There Are Only Hard Facts and Harder Decisions
One thing this pandemic has shown is that people have a problem facing facts.
I don’t mean facts in the sense of the scientific data (although that’s clearly a problem as well, judging by the litany of conspiracy theories that have become acceptable even in polite company). I mean “facts” in the more colloquial sense — of coming to terms with reality and accepting it on reality’s terms.
We’ve taken a merciless but increasingly well-understood virus and turned it into a divisive, partisan argument. We have somehow come to believe that what we think about the virus, or our own personal needs in relation to it, have some relevance to its spread from person to person, and its ability to kill with ruthlessness and painful efficiency.
Because we can’t bear something, we believe it doesn’t have to be borne. That’s why we see people going ahead with large, in-person weddings, or looking for hookups on Tinder because they “need the spontaneity.” It’s why our Instagram feeds are filled with vacation photos and stories from nights out.
Perhaps nothing captures this sense of entitlement better than a tweet I saw from the Fox News host Laura Ingraham:
Okay, sounds great, let me just get Covid-19’s manager for you.
Back in reality, it is a truth of human existence that some crises are inescapable. They force us to stop doing things we’d like to do, and to live instead in a state of extended uncertainty. They cost us things we really can’t afford.
Imagine someone living in America during World War II. No one could have told them when they’d be able to travel to Europe to see their aging parents again. No one could have told them when the rationing would stop. No one would have been able to say when their son would be released from the Army. No one could promise them that they were safe in their homes and would ultimately survive. The war was a fact, and everybody had to live with it.
Life is like this. It’s uncertain. It’s uncomfortable. It doesn’t really care whether we really want or need something. It doesn’t care about us at all, really. It just is.
When we talk about facing facts, we are in part talking about making the hard choices that life demands. “At the top,” Secretary of State Dean Acheson once observed about the presidency, “there are no easy choices. All are between evils, the consequences of which are hard to judge.” He meant that all the simple, easy stuff gets handled by people lower down on the chain. The obvious stuff never makes it to the Oval Office.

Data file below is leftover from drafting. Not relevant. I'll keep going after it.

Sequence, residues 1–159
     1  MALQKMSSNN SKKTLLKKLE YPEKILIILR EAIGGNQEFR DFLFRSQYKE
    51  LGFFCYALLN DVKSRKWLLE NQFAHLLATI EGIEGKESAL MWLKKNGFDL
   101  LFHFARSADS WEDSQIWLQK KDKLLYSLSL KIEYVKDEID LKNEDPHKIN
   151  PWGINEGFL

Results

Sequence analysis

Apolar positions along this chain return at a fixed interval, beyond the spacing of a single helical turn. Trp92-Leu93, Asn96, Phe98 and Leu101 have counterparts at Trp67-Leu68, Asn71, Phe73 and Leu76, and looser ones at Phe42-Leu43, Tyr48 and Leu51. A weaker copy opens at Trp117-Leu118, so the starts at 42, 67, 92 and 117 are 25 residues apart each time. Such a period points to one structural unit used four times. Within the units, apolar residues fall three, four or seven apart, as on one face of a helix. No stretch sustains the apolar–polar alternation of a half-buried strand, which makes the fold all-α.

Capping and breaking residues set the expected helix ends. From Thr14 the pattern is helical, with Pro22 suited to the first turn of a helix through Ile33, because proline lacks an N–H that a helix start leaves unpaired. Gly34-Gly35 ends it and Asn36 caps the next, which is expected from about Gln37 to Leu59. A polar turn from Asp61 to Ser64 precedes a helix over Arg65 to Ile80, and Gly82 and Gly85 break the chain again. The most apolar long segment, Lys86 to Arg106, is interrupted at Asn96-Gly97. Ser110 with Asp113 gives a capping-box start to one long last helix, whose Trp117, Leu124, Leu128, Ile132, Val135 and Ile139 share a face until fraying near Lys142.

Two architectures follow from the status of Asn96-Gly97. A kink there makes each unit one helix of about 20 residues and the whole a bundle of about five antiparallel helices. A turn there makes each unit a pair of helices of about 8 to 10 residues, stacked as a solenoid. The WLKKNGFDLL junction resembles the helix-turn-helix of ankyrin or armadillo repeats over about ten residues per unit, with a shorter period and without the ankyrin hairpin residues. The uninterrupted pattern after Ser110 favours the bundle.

And so it is with life, too — we don’t give much thought to the easy stuff. We don’t need to. There’s never any uncertainty about the things that don’t require any sacrifice and pain.
I think Acheson also meant that it’s not the choices that are hard. In fact, the right thing is often obvious. It’s the consequences and the costs of that choice that are hard. It’s the complicated, difficult, unpleasant stuff that we end up having to wrestle with on the other side of our decisions that make them seem so difficult.
I see this with some of my friends, pushed to a breaking point after so many months in lockdown, making choices they would have considered reckless not that long ago. What they’re saying when they throw up their hands is, “I have a sense that I’m not making the right decision, but if I act bewildered, it excuses me from the consequences.” Or, “I get that generally, this is a really bad idea, but my specific circumstances should be exempt from the otherwise unfavorable facts.”
How has the track record for not listening to expert opinion gone in the United States over the last five months? Oh, right, it’s created one of the worst coronavirus breakouts in the world. We’re zeroing in on 200,000 dead. Sixty-seven 9/11s. Four Vietnams. Eight American Revolutions.
Yet here we are, talking about how life has to go back to normal sometime.
We all need a lot of things. I do. My kids certainly do. But the facts come first, so we’re staying home. They aren’t going to school, and my businesses remain closed. Not because that’s what any of us want, but because, in truth, there is no choice.
There is not much upside in a pandemic — certainly not this one. But there is a lesson in it.
It’s a lesson that we have done our best not to learn, that we have resisted for some time now. That lesson is this: Life is hard. It is filled with hard facts and hard decisions. We have to face the truth and do the hard thing.
So now the question is: How do we adjust our societies and lives based on these hard facts in a way that supports everyone? This might mean calling for schools to send students hot spots so they don’t need to use Taco Bell’s Wi-Fi to do their class assignments. It probably means paying people to stay home. It means asking colleagues what you can take off their plate. It means listening, really listening, when friends and neighbors tell you how they’re doing. “You must do the thing you think you cannot do,” Eleanor Roosevelt said.
Do the hard thing. Even if we think we can’t do it. We can. We have to.